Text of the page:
Bach: Christmas Oratorio, Dec 2013 - The Arts Desk> See concert details...
Not every Yuletide fixture need be commercial and routine. Certainly St John’s annual Christmas Festival packs them in, but why wouldn’t it when the voices for the last two events, backed up by no less than the Orchestra of the Age of Enlightenment, are the best you could possibly find for the great monuments of Handel and Bach?
Admittedly, Bach’s cornucopia of celebration isn’t an oratorio like Handel’s Messiah, rather a sequence of six self-contained cantatas, of which last night’s team omitted two which are in no way inferior to the others (indeed, Part Four, with its horns adorning two superb choruses, soprano “echo” number and tenor racing against two violins, is possibly my favourite). The answer, I suppose, is that we’d have to buy their new CD set, warmly praised on theartsdesk by Graham Rickson, to hear what we’d missed.
Still, what we did get was generous enough; four demanding cantatas in an evening is more than you’d usually expect. I wondered what we were in for when Stephen Layton launched in with an over-brisk, almost militaristic opening number, the cries of “Jauchzet, frolocket” (“Rejoice, exult!”) delivered by the choristers of Cambridge’s Trinity College with mostly deadpan expressions (one radiant smiler in the front row made the others look inhuman). But this may have been rigid terror at facing the audience without their music to shelter behind, and they soon relaxed to prove themselves every inch a match for the Clare College team I’d heard the night before. Indeed, while the sopranos might not have quite the radiant halo of the Clare sisters, Trinity tenors and basses make a meatier, more mature sound than their rivals. The choir blazed as angels and gave as heartfelt and stylish a shepherds’ thanksgiving as you could hope to hear.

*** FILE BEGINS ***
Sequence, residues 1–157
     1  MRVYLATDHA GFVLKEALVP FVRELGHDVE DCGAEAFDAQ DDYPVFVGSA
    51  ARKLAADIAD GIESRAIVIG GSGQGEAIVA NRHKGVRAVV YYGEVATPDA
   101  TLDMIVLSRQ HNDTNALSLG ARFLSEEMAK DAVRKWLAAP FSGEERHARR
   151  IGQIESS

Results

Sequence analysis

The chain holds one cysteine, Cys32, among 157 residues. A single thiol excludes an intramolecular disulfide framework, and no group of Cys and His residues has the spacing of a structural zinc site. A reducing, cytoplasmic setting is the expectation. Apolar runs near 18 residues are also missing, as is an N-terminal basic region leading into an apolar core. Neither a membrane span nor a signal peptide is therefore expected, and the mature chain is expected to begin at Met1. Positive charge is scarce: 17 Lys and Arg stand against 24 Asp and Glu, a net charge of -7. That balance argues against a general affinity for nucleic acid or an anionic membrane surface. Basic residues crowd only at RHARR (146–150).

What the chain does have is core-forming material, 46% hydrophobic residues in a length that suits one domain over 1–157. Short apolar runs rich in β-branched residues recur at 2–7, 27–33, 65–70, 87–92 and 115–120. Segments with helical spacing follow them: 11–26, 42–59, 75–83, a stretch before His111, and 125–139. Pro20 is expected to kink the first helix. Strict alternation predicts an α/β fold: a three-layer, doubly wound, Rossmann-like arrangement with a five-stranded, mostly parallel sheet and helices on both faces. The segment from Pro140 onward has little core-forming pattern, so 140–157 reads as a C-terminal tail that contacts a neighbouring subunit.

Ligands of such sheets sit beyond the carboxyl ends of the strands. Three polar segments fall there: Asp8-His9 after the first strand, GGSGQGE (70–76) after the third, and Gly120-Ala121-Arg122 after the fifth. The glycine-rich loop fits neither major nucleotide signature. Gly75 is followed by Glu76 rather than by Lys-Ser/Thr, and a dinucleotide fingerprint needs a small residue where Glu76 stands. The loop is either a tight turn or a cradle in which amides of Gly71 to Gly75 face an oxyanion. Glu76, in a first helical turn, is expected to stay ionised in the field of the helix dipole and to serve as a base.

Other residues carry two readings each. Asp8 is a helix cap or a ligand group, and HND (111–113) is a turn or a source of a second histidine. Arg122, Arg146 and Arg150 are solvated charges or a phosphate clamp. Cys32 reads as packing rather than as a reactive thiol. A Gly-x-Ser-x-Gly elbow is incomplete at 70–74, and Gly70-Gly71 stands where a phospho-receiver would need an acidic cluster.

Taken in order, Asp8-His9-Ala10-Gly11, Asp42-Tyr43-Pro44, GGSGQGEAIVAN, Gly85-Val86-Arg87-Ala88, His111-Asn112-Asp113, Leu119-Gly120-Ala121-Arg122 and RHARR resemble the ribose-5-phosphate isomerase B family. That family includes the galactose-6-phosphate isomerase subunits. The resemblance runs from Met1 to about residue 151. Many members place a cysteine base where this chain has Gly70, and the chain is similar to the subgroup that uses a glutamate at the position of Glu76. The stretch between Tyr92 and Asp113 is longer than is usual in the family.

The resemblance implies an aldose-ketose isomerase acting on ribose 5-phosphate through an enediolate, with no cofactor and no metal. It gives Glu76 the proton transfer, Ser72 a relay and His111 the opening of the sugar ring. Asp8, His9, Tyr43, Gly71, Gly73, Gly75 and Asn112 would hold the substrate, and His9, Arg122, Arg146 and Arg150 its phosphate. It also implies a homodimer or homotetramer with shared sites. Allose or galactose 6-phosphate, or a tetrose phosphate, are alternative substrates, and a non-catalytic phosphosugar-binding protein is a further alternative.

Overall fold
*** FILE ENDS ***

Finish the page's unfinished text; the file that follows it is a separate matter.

Katherine Watson by Hugo BernandThe splendid culmination was the most wayward and original of Bach’s opening choruses, Part Six’s muscular incentive to stand fast against proud foes and fiend. As for the three natural OAE trumpets, led by their authentic king David Blackadder – urged on by Bach to even more exposed feats of virtuosity here – how is it possible, given the superlative work of the previous evening, that London can field six such masters of this usually wayward and split-prone instrument in a single weekend?
There was more modest but equally effortless solo and obbligato work from flautist Lisa Beznosiuk, violinist Margaret Faultless and the team of oboes – two doubling oboe da caccia – that gives Part Two’s shepherds’ idyll its shy and lovely colour. The flawless vocal team was led by James Gilchrist. Younger tenors may make a sweeter sound, but none is, or ever will be, a more vivid or sympathetic exponent of the Evangelist’s role which sets these cantatas apart from many others in its narrative component. There’s a spark of genius in Gilchrist’s colouring (I’m thinking especially of the stilling moment when Luke tells us how “Mary kept all these things and pondered them in her heart”). And his delivery of the defiant last aria was no less vivid: here’s an artist who carries the entire audience with him. As, more coolly, does countertenor Iestyn Davies, shading the clarion notes of Part Two’s cradle song with unearthly beauty and rounding off phrases with consummate artistry.
At either end of the quartet we had youth and experience respectively in Katherine Watson (pictured above by Hugo Bernand) and Neal Davies; but Watson applies her lyric warmth to making the same urgent and charming sense of the text as Davies. As this is the solo team down for tonight’s Messiah – which they performed last year to perfection, too – you’d better see if you can’t get hold of a ticket for another guaranteed eve-of-the-eve glory.